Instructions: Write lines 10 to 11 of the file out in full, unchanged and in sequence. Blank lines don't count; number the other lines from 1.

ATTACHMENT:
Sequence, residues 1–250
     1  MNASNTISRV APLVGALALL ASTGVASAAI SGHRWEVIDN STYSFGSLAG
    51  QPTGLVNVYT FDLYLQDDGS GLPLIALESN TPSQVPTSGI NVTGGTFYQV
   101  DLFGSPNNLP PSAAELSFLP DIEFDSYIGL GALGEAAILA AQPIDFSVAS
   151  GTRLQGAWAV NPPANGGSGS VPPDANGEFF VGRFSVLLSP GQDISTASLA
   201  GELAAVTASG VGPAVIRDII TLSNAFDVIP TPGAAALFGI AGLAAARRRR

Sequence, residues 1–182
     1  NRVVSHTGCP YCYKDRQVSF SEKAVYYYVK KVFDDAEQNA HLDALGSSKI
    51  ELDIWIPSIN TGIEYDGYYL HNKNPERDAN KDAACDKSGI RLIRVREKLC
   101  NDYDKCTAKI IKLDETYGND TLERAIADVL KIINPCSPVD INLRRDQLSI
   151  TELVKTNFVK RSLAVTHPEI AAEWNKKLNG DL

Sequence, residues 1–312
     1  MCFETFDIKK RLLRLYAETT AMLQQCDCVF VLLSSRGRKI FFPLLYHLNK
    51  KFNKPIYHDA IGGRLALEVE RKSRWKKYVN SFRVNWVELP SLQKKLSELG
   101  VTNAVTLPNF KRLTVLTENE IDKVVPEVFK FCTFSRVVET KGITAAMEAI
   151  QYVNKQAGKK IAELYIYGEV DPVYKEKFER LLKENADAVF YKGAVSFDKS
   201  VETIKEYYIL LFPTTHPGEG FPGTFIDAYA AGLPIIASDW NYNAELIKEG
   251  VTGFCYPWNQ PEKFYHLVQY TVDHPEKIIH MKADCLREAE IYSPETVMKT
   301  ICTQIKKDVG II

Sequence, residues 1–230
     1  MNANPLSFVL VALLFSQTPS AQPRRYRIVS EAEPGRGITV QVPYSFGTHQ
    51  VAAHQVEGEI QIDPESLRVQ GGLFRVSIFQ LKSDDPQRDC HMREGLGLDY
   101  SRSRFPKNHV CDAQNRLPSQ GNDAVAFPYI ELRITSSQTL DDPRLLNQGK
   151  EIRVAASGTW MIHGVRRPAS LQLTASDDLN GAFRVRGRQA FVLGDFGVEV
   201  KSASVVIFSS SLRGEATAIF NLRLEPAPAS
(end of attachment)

   101  NDYDKCTAKI IKLDETYGND TLERAIADVL KIINPCSPVD INLRRDQLSI
   151  TELVKTNFVK RSLAVTHPEI AAEWNKKLNG DL